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By Becky Kifer · January 10, 2014
Intelligence opens in the blistery pine forests of the Vancouver Himalayas—the border region began India and Pakistan where television pilots are filmed.(It offers better tax breaks than the Los Angeles Hindu Kush.)
Super agent Gabriel Vaughn (Josh Holloway)—who at this point we only recognize as short-haired Sawyer from Lost—stops his wilderness trek and gazes longingly at a gigantic Endor-ish satellite in the distance. After some sort of hallucination about a bombing in Mumbai a few years prior (by “hallucination” I mean a visual/audio illusion caused by a microchip in his head that hijacked information from the satellite and extrapolated those facts into brain fanfiction) he’s unceremoniously captured by Indian border guards.
He escapes a short while later, ending a pre-credits teaser that’s showcased two things: Gabriel has cerebral hacker powers and a disavowed CIA agent wife who went rogue and “died” in the Mumbai incident. There’s also a chase sequence in the forest that establishes Gabriel as a cybernetic badass in fingerless gloves. So fearless, in fact, he jumps up and over the top of an approaching Hummer instead of running going around it—because life is an adventure and wearing neck braces is fun.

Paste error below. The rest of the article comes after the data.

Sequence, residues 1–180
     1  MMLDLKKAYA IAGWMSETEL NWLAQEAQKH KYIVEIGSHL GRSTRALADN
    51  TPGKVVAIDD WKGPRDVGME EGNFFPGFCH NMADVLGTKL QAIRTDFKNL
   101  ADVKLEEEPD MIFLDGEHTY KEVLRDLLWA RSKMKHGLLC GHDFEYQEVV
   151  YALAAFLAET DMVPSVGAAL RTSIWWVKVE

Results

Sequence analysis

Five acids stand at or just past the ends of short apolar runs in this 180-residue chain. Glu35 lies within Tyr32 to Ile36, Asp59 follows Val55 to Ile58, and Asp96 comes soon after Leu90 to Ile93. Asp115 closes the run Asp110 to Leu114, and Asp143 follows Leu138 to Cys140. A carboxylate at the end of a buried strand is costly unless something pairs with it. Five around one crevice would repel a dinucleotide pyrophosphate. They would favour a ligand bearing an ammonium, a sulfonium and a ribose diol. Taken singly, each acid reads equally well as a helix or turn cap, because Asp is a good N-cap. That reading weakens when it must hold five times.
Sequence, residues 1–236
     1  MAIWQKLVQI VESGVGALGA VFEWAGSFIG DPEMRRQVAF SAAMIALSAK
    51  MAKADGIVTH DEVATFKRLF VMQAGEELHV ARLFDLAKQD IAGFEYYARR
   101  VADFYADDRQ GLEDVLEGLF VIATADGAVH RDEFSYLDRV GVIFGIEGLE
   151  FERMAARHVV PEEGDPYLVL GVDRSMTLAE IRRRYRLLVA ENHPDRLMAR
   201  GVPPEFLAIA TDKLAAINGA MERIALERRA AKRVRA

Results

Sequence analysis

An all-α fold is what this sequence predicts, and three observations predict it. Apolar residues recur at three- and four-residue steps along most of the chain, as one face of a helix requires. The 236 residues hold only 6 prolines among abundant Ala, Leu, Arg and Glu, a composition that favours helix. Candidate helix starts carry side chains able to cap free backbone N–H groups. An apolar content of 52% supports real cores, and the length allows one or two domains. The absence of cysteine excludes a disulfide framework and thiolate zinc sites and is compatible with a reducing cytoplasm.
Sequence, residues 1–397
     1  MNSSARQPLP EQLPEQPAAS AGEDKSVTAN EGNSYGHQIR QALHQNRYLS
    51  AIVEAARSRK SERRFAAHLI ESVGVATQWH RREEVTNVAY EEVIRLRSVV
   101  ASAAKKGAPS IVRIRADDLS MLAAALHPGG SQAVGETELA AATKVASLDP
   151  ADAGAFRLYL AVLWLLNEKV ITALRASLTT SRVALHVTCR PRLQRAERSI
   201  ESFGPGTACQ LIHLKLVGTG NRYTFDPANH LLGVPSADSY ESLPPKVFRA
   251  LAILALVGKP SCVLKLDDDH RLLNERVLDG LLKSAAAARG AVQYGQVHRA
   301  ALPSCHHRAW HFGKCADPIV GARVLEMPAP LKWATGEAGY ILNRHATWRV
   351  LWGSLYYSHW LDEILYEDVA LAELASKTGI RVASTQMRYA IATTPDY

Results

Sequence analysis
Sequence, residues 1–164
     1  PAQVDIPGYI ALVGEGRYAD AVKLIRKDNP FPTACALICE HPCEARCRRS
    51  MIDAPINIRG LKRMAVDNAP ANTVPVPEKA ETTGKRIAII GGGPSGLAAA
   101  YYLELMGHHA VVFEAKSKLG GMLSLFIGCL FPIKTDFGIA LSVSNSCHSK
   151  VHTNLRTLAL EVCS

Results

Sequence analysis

This VR trooper works for U.S. Cyber Command, a clandestine agency that spent boatloads of money developing a microchip that, when implanted into the human brain, allows the user to hack satellites, render virtual crime scenes, and (almost certainly) watch a lot of internet porn. Gabriel is special because he has a unique gene needed for the chip’s implantation. It’s really lucky they were able to find a highly trained Delta Force operative with such a rare physiology and not, say, some nerdy technician down at the local Buy More.